Game Objects

In this section, you'll make a container for a PolygonGroup called a GameObject, which will be the base class for all objects in the games and demos in this tutorial. The idea is that a game object can manipulate its own state, including the polygon group's transform. Really, the GameObject by itself doesn't do anything, and it needs to be extended to accomplish anything cool. The GameObject class you'll create in this chapter will be just a start; you'll add on to it in later chapters when we discuss collision detection, path finding, and artificial intelligence. First, let's look the basic states of any game object. A game object can be anything, such as a static object, a projectile, a power-up, or an enemy. During the course of a game, a game object could be idle (not moving) or active (potentially moving around). Also, some objects can be destroyed, such as when an enemy is blasted or when a projectile collides with a wall. With this in mind, we give game objects three possible states: IDLE, ACTIVE, and DESTROYED, as shown in Screenshot.

Screenshot The game object life cycle.

Java graphics 09fig08.gif


When a game object is first created, it's in the IDLE state and can move to the ACTIVE state at any time. Likewise, when it's in the ACTIVE state it can return to the IDLE state at any time. From either the IDLE state or the ACTIVE state, a game object can change to the DESTROYED state. When in the DESTROYED state, a game object shouldn't return to any other state. The game manager should remove the DESTROYED game object from the world, and afterward the game object should be garbage-collected (assuming no other references to the game object exist). Different types of game objects follow this game object life cycle in different ways. For example, a static object could stay in the IDLE state for the entire game. A projectile might immediately jump to the ACTIVE state and stay there until it hits something, in which case it becomes DESTROYED. An enemy might start in the IDLE state and move to the ACTIVE state when it becomes visible. For example, if the enemy goes off the screen for a while, it might become IDLE again. Finally, an enemy moves to the DESTROYED state when the player blasts it enough times. With all this in mind, you'll create the GameObject class (see Listing 9.9). This class manages the state and provides several convenience methods for the game object's PolygonGroup and transform.

Listing 9.9 GameObject.java
package com.brackeen.javagamebook.game;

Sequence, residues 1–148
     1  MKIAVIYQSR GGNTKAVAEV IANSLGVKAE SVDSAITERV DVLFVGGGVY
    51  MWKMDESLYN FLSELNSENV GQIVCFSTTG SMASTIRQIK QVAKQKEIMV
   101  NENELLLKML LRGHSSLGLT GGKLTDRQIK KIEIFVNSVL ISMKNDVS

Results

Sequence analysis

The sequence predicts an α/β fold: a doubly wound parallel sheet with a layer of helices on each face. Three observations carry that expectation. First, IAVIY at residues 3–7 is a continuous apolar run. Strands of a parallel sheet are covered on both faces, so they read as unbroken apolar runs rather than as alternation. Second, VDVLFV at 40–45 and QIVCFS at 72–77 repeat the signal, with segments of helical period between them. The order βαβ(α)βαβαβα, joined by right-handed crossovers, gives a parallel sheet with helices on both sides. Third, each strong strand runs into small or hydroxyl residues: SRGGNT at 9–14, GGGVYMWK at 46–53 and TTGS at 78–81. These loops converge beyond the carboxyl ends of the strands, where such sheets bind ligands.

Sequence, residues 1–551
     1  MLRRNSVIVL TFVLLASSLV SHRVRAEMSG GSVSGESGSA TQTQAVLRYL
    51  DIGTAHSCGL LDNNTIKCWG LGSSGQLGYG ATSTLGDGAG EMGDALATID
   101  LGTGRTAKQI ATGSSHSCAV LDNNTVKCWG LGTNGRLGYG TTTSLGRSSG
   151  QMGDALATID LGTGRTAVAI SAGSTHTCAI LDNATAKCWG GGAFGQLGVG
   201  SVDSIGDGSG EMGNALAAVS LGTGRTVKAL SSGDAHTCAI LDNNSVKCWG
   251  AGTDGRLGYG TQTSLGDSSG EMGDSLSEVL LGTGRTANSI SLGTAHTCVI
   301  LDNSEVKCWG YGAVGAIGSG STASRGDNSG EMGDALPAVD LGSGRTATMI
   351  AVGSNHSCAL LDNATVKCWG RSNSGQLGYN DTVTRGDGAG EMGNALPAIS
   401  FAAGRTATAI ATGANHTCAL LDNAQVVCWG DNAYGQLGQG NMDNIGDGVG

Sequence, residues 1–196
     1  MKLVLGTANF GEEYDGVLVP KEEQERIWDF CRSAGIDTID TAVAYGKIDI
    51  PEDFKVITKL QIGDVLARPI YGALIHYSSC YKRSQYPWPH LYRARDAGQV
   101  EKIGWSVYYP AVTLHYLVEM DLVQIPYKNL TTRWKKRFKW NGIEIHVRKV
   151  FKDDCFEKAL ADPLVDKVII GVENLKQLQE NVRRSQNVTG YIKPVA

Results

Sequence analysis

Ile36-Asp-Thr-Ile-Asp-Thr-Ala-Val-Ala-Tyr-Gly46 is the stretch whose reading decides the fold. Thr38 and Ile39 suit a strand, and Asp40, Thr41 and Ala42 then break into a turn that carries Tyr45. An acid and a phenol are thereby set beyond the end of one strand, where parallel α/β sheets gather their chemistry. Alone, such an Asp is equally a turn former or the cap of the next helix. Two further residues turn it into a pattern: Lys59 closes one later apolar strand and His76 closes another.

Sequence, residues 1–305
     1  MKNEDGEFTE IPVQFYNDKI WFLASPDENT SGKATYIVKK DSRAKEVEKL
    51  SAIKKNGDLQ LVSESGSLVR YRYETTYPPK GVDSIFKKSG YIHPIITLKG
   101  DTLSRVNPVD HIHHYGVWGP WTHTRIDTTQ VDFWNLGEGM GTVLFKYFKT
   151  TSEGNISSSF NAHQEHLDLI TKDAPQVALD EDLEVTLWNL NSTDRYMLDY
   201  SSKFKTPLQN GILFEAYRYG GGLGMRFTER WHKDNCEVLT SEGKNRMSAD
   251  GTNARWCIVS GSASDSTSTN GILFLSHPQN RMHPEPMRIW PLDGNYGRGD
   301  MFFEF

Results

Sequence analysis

import com.brackeen.javagamebook.math3D.*;
/**
 A GameObject class is a base class for any type of object in a
 game that is represented by a PolygonGroup. For example, a
 GameObject can be a static object (like a crate), a moving
 object (like a projectile or a bad guy), or any other type of
 object (like a power-up). GameObjects have three basic
 states: STATE_IDLE, STATE_ACTIVE, or STATE_DESTROYED.
*/
public class GameObject {
 protected static final int STATE_IDLE = 0;
 protected static final int STATE_ACTIVE = 1;
 protected static final int STATE_DESTROYED = 2;
 private PolygonGroup polygonGroup;
 private int state;
 /**
 Creates a new GameObject represented by the specified
 PolygonGroup. The PolygonGroup can be null.
 */
 public GameObject(PolygonGroup polygonGroup) {
 this.polygonGroup = polygonGroup;
 state = STATE_IDLE;
 }
 /**
 Shortcut to get the location of this GameObject from the
 Transform3D.
 */
 public Vector3D getLocation() {
 return polygonGroup.getTransform().getLocation();
 }
 /**
 Gets this object's transform.
 */
 public MovingTransform3D getTransform() {
 return polygonGroup.getTransform();
 }
 /**
 Gets this object's PolygonGroup.
 */
 public PolygonGroup getPolygonGroup() {
 return polygonGroup;
 }
 /**
 Sets the state of this object. Should be either
 STATE_IDLE, STATE_ACTIVE, or STATE_DESTROYED.
 */
 protected void setState(int state) {
 this.state = state;
 }
 /**
 Sets the state of the specified object. This allows
 any GameObject to set the state of any other GameObject.
 The state should be either STATE_IDLE, STATE_ACTIVE, or
 STATE_DESTROYED.
 */
 protected void setState(GameObject object, int state) {
 object.setState(state);
 }
 /**
 Returns true if this GameObject is idle.
 */
 public boolean isIdle() {
 return (state == STATE_IDLE);
 }
 /**
 Returns true if this GameObject is active.
 */
 public boolean isActive() {
 return (state == STATE_ACTIVE);
 }
 /**
 Returns true if this GameObject is destroyed.
 */
 public boolean isDestroyed() {
 return (state == STATE_DESTROYED);
 }
 /**
 If this GameObject is in the active state, this method
 updates its PolygonGroup. Otherwise, this method does
 nothing.
 */
 public void update(GameObject player, long elapsedTime) {
 if (isActive()) {
 polygonGroup.update(elapsedTime);
 }
 }
 /**
 Notifies this GameObject whether it was visible or not
 on the last update. By default, if this GameObject is
 idle and notified as visible, it changes to the active
 state.
 */
 public void notifyVisible(boolean visible) {
 if (visible && isIdle()) {
 state = STATE_ACTIVE;
 }
 }
}


In this default game object, the game object's polygon group is updated only if it's in the ACTIVE state. A reference to the player's game object is a parameter in this method, so any game object can know the location of the player. Obviously, it is pretty common for enemies to want to know where the player is. Also, notice the notifyVisible() method. This method is designed to tell an object whether it's visible in every frame. If it's visible and the current state is IDLE, the game object automatically changes to the ACTIVE state. The rules of the game object life cycle are not strictly enforced in this class: You could theoretically move a game object state out of the DESTROYED state back to the ACTIVE state, but this could be pointless if the game object was already removed from the world.



   
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